Please remind your broker to include your name, contact information, and any special instructions for use of the gift with your transfer, otherwise we will not know who the stock donation came from. To expedite the processing of your gift, we suggest that you contact us with information about the type of stock and number of shares, as well as any special considerations you may have.

Please direct information about your gift and any other questions to Erika Kennel at 503.287.9529×16 or

Pope Francis Honored through Anonymous $50,000 Donation to Build Home for a Family in Need

Pope Francis

Habitat for Humanity Portland/Metro East has begun construction on a home in honor of Pope Francis. Located in southwest Portland’s Hillsdale neighborhood, the Pope Francis home is sponsored by an anonymous donor who pledged $50,000, and challenges members of the community to raise the additional funds needed to completely underwrite the cost of land and construction.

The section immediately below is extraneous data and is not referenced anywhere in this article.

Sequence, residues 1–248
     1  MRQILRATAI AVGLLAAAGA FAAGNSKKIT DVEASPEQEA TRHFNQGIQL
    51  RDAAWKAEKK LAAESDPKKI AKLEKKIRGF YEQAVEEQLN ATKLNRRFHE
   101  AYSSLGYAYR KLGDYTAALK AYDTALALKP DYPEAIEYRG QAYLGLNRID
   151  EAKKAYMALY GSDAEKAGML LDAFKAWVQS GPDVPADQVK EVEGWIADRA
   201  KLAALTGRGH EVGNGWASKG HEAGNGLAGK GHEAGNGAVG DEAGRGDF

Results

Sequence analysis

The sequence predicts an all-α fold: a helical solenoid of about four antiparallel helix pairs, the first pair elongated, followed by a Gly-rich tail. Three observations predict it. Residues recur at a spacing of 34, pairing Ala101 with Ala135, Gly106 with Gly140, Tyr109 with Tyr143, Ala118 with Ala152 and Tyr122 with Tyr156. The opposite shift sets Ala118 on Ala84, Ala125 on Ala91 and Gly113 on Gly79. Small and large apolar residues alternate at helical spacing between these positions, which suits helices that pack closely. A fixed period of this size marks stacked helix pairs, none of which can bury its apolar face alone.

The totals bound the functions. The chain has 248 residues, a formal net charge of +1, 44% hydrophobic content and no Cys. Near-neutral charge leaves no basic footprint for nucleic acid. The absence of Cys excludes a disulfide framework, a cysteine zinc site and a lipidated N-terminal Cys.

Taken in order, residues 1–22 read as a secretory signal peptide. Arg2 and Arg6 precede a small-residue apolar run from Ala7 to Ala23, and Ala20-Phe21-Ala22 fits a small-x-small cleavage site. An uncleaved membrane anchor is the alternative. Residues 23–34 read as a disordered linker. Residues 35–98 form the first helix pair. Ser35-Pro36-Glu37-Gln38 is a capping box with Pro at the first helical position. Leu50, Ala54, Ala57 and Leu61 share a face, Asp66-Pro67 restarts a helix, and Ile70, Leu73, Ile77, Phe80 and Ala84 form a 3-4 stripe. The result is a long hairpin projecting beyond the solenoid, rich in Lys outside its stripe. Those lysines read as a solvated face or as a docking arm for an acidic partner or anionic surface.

The donor is inspired by the Pope’s dedication to economic justice, equality and peace, and hopes to inspire others by inviting volunteers from local Catholic churches and schools to participate in the construction of the home from start to finish, as well as raise additional funds needed to build the home.

The donor stated the purpose of this house is:

  • To honor Pope Francis for his commitment to social justice & reinvigorating the Catholic Church
  • To provide a unifying, celebratory opportunity for both Catholic and non-Catholic volunteers to work towards a common goal (as Pope Francis says, “Work confers dignity”)
  • And to further Habitat’s mission of building and preserving homes.

Hussein/DawoodThe home will be built in partnership with the Hussein/Dawood family, and sold with a 0%-interest mortgage.

Abdulnaser Hussein, Suhair Dawood and their five children escaped the war in Iraq after their family was threatened by Al Qaeda because Abdulnaser worked for an American company. They came to America in 2010 and are currently living in overcrowded, substandard conditions.

“We are so thankful for the Habitat program and this anonymous donation,” said Abdulnaser. “Owning a home will help my children succeed in their future.”